Patient Assessment of Chronic Illness Care scale

UBS: 

Unidade Básica de Sáude (Basic Health Unit)

Declarations

Acknowledgements

We would like to acknowledge the tremendous commitment of all the participating community health agents at the study UBS and the strong support of center leadership and colleagues. We would also like to express thanks to Hwajung Choi, PhD, who provided expert consultation for the statistical design and analyses.

Funding

This research was supported by Grant Number 2013/10313-6 from the São Paulo Research Foundation (FAPESP) and by Grant Number P30DK092926 from the National Institute of Diabetes and Digestive and Kidney Diseases. The funding sources had no role in the study design; data collection; administration of the interventions; analysis, interpretation, or reporting of data; or decision to submit the findings for publication.

Availability of data and materials

All de-identified data generated and analysed during this study are available from the corresponding author upon request.

Authors’ contributions

TMRVN, KR, MN, AB, and MH conceived and designed the study. MH and KR trained the Brazilian trainers who trained the CHAs and adapted all training materials with assistance from TMRVN, MN, AB, and the trainers. PA and SM designed and carried out the fidelity assessments and conducted the semi-structured interviews. EK, TMRVN, MN, AB, conducted and interpreted the analyses. TVRN, EK, MN, and MH drafted the manuscript. KR, AB, PA, and SM critically reviewed the manuscript for intellectual content and edited the manuscript. All authors accept responsibility for the content of the manuscript and approve the final version.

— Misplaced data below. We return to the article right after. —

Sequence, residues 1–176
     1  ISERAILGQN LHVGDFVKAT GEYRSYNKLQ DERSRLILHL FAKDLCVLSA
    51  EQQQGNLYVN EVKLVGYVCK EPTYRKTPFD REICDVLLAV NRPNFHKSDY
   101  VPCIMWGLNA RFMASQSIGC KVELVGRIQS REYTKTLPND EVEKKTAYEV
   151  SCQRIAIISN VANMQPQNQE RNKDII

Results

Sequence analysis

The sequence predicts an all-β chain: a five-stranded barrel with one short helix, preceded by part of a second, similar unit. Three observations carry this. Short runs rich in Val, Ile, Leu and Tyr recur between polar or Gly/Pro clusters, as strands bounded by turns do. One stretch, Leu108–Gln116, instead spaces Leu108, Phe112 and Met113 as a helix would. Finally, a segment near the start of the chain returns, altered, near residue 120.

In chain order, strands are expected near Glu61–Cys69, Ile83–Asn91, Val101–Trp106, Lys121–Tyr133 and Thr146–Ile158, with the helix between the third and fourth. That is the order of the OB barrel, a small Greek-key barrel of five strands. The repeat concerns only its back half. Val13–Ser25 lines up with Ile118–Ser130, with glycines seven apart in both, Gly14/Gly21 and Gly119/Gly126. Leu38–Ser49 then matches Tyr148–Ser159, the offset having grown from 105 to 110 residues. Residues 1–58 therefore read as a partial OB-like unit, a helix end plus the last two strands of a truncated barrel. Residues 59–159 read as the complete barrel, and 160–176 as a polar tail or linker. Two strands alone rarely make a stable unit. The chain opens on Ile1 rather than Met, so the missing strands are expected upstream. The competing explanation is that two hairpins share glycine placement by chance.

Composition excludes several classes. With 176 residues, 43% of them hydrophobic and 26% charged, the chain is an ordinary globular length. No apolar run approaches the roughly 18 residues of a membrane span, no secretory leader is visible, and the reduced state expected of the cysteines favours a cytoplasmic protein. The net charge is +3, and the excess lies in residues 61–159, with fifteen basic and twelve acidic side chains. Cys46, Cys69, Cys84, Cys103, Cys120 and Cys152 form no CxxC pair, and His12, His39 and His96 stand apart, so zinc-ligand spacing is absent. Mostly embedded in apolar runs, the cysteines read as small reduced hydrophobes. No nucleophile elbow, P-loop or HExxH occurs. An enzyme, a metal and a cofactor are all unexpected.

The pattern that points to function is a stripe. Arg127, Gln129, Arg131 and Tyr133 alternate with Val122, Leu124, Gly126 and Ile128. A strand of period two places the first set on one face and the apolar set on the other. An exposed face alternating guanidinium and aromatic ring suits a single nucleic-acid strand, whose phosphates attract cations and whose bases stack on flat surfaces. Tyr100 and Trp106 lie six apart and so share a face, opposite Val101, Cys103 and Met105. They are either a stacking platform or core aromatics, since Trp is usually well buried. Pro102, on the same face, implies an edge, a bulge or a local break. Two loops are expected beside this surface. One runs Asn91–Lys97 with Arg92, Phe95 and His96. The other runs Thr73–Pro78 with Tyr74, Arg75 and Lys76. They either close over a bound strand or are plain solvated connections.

Competing interests

No authors have any financial or non-financial competing interests.

Consent for publication

Not applicable.

Ethics approval and consent to participate

Formal institutional review and approval were provided by the Faculty of Medicine of the University of Sao Paulo (Faculdade de Medicina da Universidade de São Paulo (FMUSP)). The diabetes patients at the health center who met study criteria provided informed written consent for their medical records to be reviewed, to complete two surveys and to provide baseline and follow up clinical data.

Open AccessThis article is distributed under the terms of the Creative Commons Attribution 4.0 International License (http://creativecommons.org/licenses/by/4.0/), which permits unrestricted use, distribution, and reproduction in any medium, provided you give appropriate credit to the original author(s) and the source, provide a link to the Creative Commons license, and indicate if changes were made. The Creative Commons Public Domain Dedication waiver (http://creativecommons.org/publicdomain/zero/1.0/) applies to the data made available in this article, unless otherwise stated.

Authors’ Affiliations

(1)
Division of Endocrinology, Department of Internal Medicine, Faculdade de Medicina da Universidade de São Paulo, FMSUP--Medical Faculty of the University of São Paulo
(2)
Unidade Básica de Saúde (UBS—Basic Health Unit) Vila Piauí, Fundacão Faculdade de Medicina da FMUSP
(3)
Department of Health Behavior and Health Education, School of Public Health, University of Michigan
(4)
Department of Pediatrics, University of São Paulo Medical School
(5)
University of Michigan Medical School
(6)
Department of Internal Medicine, University of Michigan Medical School
(7)
Center for Clinical Management Research, Ann Arbor Veterans’ Affairs (VA) Healthcare System

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Copyright

© The Author(s). 2017